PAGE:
With the year winding down, poker fans are beginning to focus on the Global Poker Index Player of the Year race.
It should come as no surprise that Fedor Holz is holding onto the top spot (3,644.80 points).
The 23-year old German has made a fool of the competition this past year. Despite being “semi-retired,” Holz has dominated the high stakes poker scene in 2016, putting together one of the most impressive year’s in poker history.
What a Year
Fedor’s year began with a title in the $200,000 buy-in World Poker Tour National Super High Roller in the Philippines back in January. The $3.4 million he won was only the beginning.
After a handful of six-figure paydays, he got back to winning the “real” money in early June at the $300,000 buy-in Aria Super High Roller Bowl. Holz finished runner-up to Rainer Kempe and took home $3.5 million just as the World Series of Poker began.
He didn’t play a full WSOP schedule like Jason Mercier and some other grinders. But he did cash four times at the summer series, including a dominating (and lucky) performance in the $111,111 buy-in High Roller for One Drop event. Holz outlasted a field of 183 players to win just a shade under $5 million.
If you thought he was going to stop there and pack it in for the rest of the year, you were wrong. A month after the WSOP concluded, the German got bored of retirement and decided to head out to Barcelona, Spain to win the EPT Super High Roller for $1.4 million because why not?
Holz’ 2016 poker season has made Mercier’s WSOP run seem lame. Mercier, the 2016 WSOP Player of the Year, won a pair of bracelets and had a 2nd place finish all in the same week.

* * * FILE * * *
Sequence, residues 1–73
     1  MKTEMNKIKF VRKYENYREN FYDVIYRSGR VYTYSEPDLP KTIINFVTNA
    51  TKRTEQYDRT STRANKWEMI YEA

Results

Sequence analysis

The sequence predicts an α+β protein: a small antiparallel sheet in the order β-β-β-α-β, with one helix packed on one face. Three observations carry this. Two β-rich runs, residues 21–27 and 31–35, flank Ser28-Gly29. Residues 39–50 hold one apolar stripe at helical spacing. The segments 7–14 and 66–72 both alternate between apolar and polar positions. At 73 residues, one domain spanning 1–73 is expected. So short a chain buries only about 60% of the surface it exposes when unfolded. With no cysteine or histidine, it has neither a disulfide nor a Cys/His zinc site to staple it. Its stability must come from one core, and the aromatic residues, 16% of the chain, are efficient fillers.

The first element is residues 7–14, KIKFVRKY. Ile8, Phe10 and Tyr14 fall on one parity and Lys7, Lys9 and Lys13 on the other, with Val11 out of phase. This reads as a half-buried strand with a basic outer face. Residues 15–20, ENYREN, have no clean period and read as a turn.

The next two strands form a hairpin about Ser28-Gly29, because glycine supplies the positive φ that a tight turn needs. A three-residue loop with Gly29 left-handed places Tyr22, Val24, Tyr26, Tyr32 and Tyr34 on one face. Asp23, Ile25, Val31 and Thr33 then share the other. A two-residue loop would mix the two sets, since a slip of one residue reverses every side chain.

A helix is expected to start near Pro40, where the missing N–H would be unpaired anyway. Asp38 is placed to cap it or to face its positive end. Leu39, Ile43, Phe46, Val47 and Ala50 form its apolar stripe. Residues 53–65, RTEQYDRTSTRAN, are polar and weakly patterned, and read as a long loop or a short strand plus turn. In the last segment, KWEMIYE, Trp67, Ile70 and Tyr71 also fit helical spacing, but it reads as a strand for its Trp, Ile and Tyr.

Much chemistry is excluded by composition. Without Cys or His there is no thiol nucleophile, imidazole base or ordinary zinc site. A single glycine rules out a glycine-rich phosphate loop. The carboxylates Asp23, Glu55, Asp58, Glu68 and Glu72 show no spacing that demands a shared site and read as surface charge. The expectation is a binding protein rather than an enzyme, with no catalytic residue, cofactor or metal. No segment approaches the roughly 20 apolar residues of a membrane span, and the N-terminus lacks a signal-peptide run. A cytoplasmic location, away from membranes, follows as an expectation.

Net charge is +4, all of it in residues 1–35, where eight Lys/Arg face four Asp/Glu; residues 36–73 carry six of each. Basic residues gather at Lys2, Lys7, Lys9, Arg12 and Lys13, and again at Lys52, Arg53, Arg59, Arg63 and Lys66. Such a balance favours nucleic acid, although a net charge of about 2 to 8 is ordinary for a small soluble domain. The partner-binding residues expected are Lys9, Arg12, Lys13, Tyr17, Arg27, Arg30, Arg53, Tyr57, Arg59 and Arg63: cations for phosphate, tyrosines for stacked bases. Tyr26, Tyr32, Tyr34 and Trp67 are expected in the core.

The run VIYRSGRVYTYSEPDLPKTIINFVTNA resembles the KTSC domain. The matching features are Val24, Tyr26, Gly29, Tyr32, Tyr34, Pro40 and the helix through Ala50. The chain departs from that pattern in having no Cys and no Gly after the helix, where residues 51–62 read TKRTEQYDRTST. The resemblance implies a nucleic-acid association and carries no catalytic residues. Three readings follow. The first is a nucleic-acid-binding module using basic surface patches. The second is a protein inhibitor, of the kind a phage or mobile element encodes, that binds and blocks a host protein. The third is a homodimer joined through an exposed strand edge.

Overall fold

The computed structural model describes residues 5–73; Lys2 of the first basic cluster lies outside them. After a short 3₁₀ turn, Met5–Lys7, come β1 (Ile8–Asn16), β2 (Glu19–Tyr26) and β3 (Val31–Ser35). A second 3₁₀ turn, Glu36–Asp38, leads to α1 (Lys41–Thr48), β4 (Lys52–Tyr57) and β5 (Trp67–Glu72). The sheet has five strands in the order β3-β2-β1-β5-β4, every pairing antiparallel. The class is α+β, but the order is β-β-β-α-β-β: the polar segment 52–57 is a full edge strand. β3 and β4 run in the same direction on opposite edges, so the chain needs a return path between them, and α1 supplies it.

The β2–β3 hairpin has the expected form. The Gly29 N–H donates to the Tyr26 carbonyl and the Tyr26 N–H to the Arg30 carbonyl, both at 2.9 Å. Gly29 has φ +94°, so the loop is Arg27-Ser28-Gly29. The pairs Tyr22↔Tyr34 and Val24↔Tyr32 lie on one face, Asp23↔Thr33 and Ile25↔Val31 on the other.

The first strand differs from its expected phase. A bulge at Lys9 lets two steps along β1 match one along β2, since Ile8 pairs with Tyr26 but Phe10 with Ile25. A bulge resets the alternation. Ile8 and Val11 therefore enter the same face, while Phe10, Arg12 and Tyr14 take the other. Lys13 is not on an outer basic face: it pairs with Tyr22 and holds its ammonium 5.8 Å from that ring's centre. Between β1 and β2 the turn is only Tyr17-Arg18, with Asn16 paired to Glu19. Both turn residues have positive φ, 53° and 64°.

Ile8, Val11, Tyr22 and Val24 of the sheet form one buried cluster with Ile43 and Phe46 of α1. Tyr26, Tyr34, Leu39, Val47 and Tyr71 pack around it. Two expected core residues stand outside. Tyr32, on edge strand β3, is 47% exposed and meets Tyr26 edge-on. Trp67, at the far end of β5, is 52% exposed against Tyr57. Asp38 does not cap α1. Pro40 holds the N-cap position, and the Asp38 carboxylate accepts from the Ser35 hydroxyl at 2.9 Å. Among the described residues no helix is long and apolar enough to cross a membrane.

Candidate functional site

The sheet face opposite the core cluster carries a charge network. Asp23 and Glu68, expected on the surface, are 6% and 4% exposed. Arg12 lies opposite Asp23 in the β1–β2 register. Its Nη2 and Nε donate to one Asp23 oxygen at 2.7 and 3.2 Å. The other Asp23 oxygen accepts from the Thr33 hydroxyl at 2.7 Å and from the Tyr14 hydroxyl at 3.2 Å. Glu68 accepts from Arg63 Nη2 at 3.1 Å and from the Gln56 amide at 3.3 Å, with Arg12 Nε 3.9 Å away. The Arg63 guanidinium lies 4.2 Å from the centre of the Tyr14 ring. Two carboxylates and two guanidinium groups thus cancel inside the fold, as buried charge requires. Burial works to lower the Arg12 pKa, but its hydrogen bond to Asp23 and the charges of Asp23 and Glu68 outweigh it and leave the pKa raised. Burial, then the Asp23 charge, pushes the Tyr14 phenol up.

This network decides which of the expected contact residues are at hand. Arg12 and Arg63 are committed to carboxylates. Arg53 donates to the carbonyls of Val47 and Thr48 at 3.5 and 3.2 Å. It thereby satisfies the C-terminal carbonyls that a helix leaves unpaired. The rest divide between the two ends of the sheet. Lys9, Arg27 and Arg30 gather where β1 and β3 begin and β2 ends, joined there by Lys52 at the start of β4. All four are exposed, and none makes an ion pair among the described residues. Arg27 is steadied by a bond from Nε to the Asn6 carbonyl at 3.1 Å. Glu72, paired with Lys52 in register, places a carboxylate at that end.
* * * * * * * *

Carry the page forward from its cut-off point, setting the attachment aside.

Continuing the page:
But he ranks just 12th on the GPI Player of the Year standings (2,931.51 points). That tells you just how impressive Holz, and many others, have been this year.
Tough to Repeat
Byron Kaverman barely edged out Anthony Zinno for 2015 GPI Player of the Year. This year, the Ohio native hasn’t even cracked the top 100. It’s tough to repeat in a game of high variance. Zinno is also non-existent in this year’s top 100.
Kaverman’s biggest cash this year came in an August $25,000 Aria High Roller tournament for $276,000. Zinno has numerous cashes in 2016 but none exceeding $320,000.
Alex Dreyfus’ Global Poker Index awards points based on a number of variables to players who cash in live poker tournaments. For a player to receive credit for the event, the tournament must have at least a $1 buy-in, have at least 21 players, and be open to the public.
The Big One for One Drop, for example, wasn’t factored into the rankings because it was only open to non-professionals.